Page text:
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Status of relativistic 2-body problem

by HeavyWater
Tags: 2body, relativistic, status
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HeavyWater
#19
Feb19-12, 11:13 AM
P: 17
Quote Quote by Dickfore View Post
Regarding Currie, Jordan, Sudarshan's reference, here's a link:
http://dx.doi.org/10.1103/RevModPhys.35.350
Thank you Dickfore,
That article is a "classic". I've read it numerous times and I'm embarrassed to say that I still don't understand all of it. Now that I'm retiring, I'll have plenty of time to continue to study it.

Thanks for your suggestion,
HeavyWater
HeavyWater
#20
Feb19-12, 11:33 AM
P: 17
Quote Quote by Dickfore View Post
So, in the first paragraph of the Introduction it says:
"...But the combined requirements of relativistic symmetry and manifest invariance may restrict the theory so severly that it is capable only of describing non interacting particles. We will show that this is in fact the case in a Lorentz symmetric classical mechanical theory of the motion of a pair of particles..."

So, I guess this goes in favor of my first post in this thread. The point is that, due to the finite speed of propagation of interactions, one ought to consider a field as a physical object carrying the interaction. A field has (innumerably) infinitely many degrees of freedom, and the Lorentz invariant two-body problem turns into a problem in continuum mechanics.
Thank you for taking the time and for your thoughtful response. I am looking at a copy of the paper right now. Let me spend the rest of the day reviewing it and collecting my thoughts and questions and I will get back with you tomorrow.

Heavywater
HeavyWater
#21
Feb19-12, 11:40 AM
P: 17
Quote Quote by juanrga View Post
So far as I know that classical theory has not advanced since Trump and Schieve published their monograph and, as they admit in the monograph, the current theory only can solve some weak-field defects of general relativity.

There is some interest in the application to many-body quantum bound problems, where quantum field theory also fails, and some recent attempts to apply the new relativistic theory to an extension of string/brane theory (which inherits the defects of both quantum field theory and general relativity): The Landscape of Theoretical Physics, A Global View: From Point Particles to the Brane World and Beyond in Search of a Unifying Principle. But as said before the whole theory is still open to many technical objections.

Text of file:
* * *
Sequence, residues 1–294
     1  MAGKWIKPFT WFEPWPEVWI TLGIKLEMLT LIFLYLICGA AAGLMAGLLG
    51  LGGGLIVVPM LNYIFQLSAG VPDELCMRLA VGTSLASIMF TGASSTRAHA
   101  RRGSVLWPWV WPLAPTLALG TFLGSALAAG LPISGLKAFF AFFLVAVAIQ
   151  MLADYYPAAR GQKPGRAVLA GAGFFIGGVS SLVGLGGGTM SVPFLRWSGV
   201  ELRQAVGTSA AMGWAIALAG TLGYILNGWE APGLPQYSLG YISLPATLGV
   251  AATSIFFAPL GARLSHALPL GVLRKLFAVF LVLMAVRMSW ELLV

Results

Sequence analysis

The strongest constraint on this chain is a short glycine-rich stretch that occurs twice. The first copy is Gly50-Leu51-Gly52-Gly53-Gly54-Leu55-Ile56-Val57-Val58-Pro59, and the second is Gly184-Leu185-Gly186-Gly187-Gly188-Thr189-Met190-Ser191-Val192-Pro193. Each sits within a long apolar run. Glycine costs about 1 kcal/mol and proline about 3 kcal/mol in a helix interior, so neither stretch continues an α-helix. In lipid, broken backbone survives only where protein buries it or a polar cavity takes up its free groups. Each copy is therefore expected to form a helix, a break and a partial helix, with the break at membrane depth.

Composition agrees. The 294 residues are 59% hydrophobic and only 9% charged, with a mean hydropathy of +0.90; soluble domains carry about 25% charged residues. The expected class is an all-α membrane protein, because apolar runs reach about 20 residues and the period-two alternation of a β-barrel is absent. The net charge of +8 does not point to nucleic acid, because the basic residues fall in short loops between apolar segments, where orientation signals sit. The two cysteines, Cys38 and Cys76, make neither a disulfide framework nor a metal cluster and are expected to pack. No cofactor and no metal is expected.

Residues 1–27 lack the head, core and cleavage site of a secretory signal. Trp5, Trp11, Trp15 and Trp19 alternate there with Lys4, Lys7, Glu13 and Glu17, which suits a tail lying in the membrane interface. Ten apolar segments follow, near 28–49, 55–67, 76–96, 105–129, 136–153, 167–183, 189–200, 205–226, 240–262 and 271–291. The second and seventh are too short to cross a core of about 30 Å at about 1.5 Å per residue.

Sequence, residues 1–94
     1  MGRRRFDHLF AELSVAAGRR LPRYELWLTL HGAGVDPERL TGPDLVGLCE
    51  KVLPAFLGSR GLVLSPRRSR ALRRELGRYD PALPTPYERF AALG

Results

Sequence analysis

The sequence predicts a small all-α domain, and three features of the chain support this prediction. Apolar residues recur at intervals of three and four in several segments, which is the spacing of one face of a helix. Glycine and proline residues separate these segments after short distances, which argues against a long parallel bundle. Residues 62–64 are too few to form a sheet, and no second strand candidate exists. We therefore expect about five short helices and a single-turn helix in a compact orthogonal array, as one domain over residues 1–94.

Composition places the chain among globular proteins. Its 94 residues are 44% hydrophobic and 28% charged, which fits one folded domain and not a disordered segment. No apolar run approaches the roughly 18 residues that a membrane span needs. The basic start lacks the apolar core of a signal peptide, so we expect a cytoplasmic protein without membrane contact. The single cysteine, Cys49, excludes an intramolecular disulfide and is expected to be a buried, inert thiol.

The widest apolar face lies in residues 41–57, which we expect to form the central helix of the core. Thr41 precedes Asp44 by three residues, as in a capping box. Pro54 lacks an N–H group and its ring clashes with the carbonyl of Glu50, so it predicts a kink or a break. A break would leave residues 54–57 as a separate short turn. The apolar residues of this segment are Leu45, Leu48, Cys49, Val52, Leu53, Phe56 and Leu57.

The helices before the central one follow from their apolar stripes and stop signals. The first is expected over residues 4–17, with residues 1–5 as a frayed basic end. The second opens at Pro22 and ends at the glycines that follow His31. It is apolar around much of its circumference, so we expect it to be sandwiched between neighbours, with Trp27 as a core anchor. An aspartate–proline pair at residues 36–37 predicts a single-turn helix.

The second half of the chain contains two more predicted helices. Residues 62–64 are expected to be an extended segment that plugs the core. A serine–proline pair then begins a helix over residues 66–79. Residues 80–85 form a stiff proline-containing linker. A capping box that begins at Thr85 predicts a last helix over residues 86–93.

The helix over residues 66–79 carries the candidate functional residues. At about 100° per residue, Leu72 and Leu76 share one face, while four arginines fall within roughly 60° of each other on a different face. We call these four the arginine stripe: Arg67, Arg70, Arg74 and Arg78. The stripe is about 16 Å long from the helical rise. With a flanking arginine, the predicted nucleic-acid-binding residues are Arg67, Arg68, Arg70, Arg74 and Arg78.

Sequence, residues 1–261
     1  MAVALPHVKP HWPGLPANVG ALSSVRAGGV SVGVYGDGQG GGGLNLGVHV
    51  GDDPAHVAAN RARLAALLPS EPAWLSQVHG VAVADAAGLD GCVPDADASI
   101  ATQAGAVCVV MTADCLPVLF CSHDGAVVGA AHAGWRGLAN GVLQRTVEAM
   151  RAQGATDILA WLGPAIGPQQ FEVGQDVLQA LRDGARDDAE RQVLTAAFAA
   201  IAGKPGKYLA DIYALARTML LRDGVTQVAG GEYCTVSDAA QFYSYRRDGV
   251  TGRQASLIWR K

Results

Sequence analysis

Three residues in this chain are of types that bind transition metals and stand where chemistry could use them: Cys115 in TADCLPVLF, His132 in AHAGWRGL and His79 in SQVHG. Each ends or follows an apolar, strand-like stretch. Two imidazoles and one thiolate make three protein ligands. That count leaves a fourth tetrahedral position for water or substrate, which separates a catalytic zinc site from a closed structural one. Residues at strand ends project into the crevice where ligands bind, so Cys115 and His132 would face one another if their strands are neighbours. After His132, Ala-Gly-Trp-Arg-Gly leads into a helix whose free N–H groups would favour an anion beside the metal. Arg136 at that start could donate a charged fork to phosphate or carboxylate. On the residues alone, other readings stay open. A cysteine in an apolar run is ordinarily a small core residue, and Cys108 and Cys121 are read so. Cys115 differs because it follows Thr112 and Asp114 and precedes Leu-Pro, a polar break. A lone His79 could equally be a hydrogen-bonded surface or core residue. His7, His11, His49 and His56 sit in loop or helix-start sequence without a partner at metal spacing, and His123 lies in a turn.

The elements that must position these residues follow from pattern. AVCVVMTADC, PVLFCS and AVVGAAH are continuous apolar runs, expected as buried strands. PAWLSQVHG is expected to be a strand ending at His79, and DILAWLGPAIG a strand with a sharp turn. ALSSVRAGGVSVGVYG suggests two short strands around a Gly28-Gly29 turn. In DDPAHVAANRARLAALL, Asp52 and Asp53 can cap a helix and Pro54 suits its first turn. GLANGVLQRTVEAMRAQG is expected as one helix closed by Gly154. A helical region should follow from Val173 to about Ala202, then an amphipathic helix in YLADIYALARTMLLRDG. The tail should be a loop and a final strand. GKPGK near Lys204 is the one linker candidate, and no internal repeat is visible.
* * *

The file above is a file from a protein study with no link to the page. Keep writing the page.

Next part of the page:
Another attempt to solve the defects of field theory is by Chubykalo and Smirnov-Rueda

See specially the Physical Review E paper correcting the defects of Maxwell theory of electrodynamics and their experimental application in Journal of applied physics.

Chubykalo and Smirnov-Rueda approach has been recently extended to many-body gravitation, with the bonus that the new potentials solve the dark matter problem (dark matter is fictitious). See Modified Newtonian Dynamics and Dark Matter from a generalized gravitational theory
Thanks Juanrga,
I'll have to get copies of these papers on Tuesday, to give you an intelligent reply. Thanks for your inputs and I'll get back with you as soon as I can read these documents. I do appreciate your comments about the status of this "problem". It looks like I will have plenty of things to think about in retirement. You will hear from me in about a week.
Heavywater
HeavyWater
#22
Feb21-12, 06:32 PM
P: 17
Quote Quote by HeavyWater View Post
Thank you for taking the time and for your thoughtful response. I am looking at a copy of the paper right now. Let me spend the rest of the day reviewing it and collecting my thoughts and questions and I will get back with you tomorrow.

Heavywater
Dickfore,
I got out my re-read your quote above. Before I get into my questions, I have got to ask you what do CJS mean by "manifest invariance"? Why the word, "manifest". Does "manifest invariance" differ from "invariance" in some way? I note that CJS defines "manifest invariance" a sentence or two below your quote. They also define it on p351 of CJS, " ... property that the world line of a particle transforms as a sequence of space time events according to the usual Lorentz transofmation formula." And then below that (also on p351), " ... be formulated in terms of a set of equations involving these Lie brackets".

So, is Manifest invariance different than invariance? Is it a "stronger" form of invariance?

Thanks,
Heavywater


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